Korean street food dates back at least 600 years to the Joseon Dynasty circa 1300 AD (and probably much earlier than that). Around that time enterprising Koreans set up food stalls near market areas to sell prepared foods to shoppers, travelers, and others.      

The Korean war (June 1950 - July 1953) left devastation in it's wake. Refugees who had lost nearly eveything were scattered across the country. U. S. troops in large numbers remained in the country. Vendors catered to both the refugees and foreign troops through food carts, or portable stalls that could be moved as needed.
At the end of the Korean War, street vendors offered a cheaper meal option to Koreans attempting to recover from the ravages of bitter warfare. Refugees returning to their war torn homes, villages, and cities relied heavily on street vendors and food stalls for lower cost meals. Additionally, these stalls and food carts earned a nearly livable income from sales of foods to the many U. S. Soldiers and Airmen that were stationed in the country.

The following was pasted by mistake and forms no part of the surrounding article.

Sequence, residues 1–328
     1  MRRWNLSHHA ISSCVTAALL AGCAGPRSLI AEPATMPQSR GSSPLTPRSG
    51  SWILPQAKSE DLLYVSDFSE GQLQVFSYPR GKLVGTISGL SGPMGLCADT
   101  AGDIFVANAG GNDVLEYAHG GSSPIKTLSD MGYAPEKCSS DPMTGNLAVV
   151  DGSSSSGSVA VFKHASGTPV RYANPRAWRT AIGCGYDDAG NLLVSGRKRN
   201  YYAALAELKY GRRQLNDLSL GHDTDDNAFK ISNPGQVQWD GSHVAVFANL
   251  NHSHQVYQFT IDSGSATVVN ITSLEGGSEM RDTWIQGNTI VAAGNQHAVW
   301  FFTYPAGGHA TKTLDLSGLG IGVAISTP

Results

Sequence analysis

Early contemporary street foods consisted of soups and breads, with jinppang (steamed bread) and hoppang (steamed buns) appearing in the 1960s. Items from US Military commissaries like spam and hot dogs were incorporated In the early 1970s, Kimbap, Tteokbokki, Mandu, Pajeon, Bungeoppang, Fried Chicken, Hodokwaja, Fried Ramen, and more became common street fare.

Did You Know

Soups, stews, and fire roasted vegetables were the first Korean street foods.

Tteokbokki (spicy stir fried rice cake) is one of the most popular street foods. Street vendors and market stalls as well as small hole in the wall shops offer this dish in a multitude of variations.


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